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Driving a Ford Thunderbird on a summer night takes you back to a simpler time. The V8 engine burbles as you cruise comfortably back in time. Two seats, convertible top, rear-wheel drive, at times it feels like driving a vintage car, only it's brand new.
Introduced as a 2002 model, the Thunderbird has enjoyed solid sales, but there are important changes to this big-image car for 2003. The Thunderbird has a great powertrain and this year there's more on tap: Horsepower from the 3.9-liter V8 has been increased to 280 and torque to 286 foot-pounds, 28 more horsepower and 25 more foot-pounds of torque than before. That means much stronger acceleration performance. Electronic throttle control and variable cam timing borrowed from the Jaguar engine improve engine performance, power and fuel economy all at once.
Also new for 2003 is an optional Select Shift transmission, which allows gear changes similar to a conventional manual transmission without a clutch pedal. All-speed traction control is now standard on all models, where last year it was only on the Premium version. A heated driver and passenger seat option has been added for 2003 so you can drive with the top down and still be toasty warm on cold mornings, a pleasant pastime in the Thunderbird.
Inside, there's a new analog instrument cluster design. Two-speed, variable-interval wipers with a heated wiper parking area are also standard for 2003. A new Saddle interior package includes full leather saddle seats, saddle leather steering wheel insert and a saddle leather shift knob. New exterior colors, Mountain Shadow Gray and Desert Sky Blue join two new interior colors: Black Ink and Whisper White.
Driving the new Thunderbird is and will be first of all an exercise in being seen. It's a beautiful car that attracts attention wherever it goes. But how it goes is just as important, and it does pretty well in this category. There's plenty of power to drive the rear wheels and the traction control ensures controlled acceleration.
The engine is a direct lift from the Lincoln LS, with only a few modifications to make it fit in and under the car. It's a small V8, only 3.9 liters, less than 240 cubic inches. In fact, it's smaller than the smallest V8 you could get in 1955, but it meets all the modern criteria for emissions and gets good fuel economy. Thunderbird's 240 cubic-inch V8 produces 280 horsepower, more than one horsepower per cubic inch. The power and torque increases made for the 2003 model are more than welcome in a car of this price and history.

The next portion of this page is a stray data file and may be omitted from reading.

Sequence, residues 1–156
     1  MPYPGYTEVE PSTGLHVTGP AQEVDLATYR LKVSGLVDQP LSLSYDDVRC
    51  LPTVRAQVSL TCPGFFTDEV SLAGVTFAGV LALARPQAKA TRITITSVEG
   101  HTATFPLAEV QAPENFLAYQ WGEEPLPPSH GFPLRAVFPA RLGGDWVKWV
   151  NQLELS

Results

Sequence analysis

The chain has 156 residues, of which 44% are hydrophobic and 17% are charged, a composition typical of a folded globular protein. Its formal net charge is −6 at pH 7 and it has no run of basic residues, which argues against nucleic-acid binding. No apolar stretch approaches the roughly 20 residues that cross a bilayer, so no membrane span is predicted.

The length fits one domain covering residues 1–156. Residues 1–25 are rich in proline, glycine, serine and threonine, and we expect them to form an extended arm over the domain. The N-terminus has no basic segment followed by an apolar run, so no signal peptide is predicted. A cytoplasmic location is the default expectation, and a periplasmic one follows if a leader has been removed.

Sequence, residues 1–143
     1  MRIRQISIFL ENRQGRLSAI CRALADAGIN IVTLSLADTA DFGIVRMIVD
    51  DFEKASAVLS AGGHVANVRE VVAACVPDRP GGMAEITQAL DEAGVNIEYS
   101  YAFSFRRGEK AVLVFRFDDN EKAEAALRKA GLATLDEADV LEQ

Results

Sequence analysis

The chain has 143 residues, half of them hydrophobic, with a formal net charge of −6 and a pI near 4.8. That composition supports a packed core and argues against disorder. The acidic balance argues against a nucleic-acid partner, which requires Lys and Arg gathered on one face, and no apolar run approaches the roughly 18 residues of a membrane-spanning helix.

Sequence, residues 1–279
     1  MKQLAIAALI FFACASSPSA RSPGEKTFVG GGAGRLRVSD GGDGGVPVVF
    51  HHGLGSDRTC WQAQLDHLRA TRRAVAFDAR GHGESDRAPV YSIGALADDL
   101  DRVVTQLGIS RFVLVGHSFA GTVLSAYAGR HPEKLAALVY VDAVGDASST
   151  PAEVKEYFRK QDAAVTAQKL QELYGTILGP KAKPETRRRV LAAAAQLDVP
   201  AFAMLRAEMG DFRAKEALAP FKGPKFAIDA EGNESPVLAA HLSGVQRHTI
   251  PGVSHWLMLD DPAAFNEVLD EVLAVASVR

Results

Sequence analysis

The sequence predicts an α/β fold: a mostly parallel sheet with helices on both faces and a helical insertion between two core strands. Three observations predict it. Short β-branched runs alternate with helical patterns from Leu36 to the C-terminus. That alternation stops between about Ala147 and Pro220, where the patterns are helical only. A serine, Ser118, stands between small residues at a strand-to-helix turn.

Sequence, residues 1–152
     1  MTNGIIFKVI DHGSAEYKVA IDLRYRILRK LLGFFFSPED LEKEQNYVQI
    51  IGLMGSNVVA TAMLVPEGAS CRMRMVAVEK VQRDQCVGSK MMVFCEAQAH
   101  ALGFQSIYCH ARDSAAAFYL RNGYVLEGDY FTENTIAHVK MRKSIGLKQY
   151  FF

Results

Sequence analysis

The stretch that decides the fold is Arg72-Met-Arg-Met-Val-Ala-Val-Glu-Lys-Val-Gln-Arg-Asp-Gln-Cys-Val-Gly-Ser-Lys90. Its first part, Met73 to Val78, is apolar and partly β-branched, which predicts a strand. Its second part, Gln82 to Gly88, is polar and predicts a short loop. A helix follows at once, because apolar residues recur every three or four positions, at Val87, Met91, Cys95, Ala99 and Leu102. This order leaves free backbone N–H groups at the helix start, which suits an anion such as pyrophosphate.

It's smooth, mechanically quiet, and ready to go whenever you need passing power, and the engineers have given it an interesting combination of air intake sound and exhaust sound. It burbles at idle like an old big-block engine, and that's part of the car's charm. Ford's five-speed overdrive transmission is responsive.
Expect 0-60 mph performance in the range of 7 seconds flat, which ain't bad, but then, you're supposed to be relaxing in this car, not racing around from place to place. If it weighed 500 pounds less, it would be quicker, but even with its mostly plastic body panels, the new T-Bird weighs almost 3800 pounds, and it feels like it.
This is a comfortable cruiser on the interstate. A cross-car beam ties the structure together just behind the seats and three steel X-braces are bolted to the underbody in the front, middle, and in the rear. The result is a body structure and chassis with the strength and stiffness that helps provide good ride quality and handling. It isn't a sports car, however, and the suspension bobs when working out. Also, there is some cowl shake when driving over bumpy sections. But for the most part, the all-independent suspension, derived from the Jaguar S-Type, is slick and smooth and the Thunderbird is enjoyable to drive.
The big, thick steering wheel is comfortable to use and the rack-and-pinion steering is quite nicely weighted, giving you a pretty good idea what the Michelin P235/50R-17 quiet-ride luxury tires are doing at any given time. The car wants to understeer, of course, but there's nothing objectionable in the way the car handles, and in a couple of mountain passes with blind corners and tricky turns, the car behaved very well in correction and recovery, even though we were going way too fast for the corner. Yes, there is body roll, but not much. Traction control is available, but yaw control or electronic stability control is still not available.
Slam on the binders and the four-wheel anti-lock disc brakes (ABS) work very well, with nice, progressive pedal feel and lots of stopping power in emergencies.
The Ford Thunderbird is eye candy, a two-seat convertible with one foot in the past and one foot in the future. The Thunderbird is a beautifully detailed car in almost every respect. Cruising along in this car can be a joyous experience.
The 2003 Thunderbird offers much-improved acceleration and passing power, progressive and positive braking, and good, solid handling. It's well short of a real sports car, but it will cruise with anything out there.
Now that the newness has worn off and there is more competition on the market, Thunderbirds can be had for much more reasonable prices than in the crazy gotta-have-it-now first year of higher-than sticker sale prices. Ford is relying on the Thunderbird to help recreate the company for its second hundred years.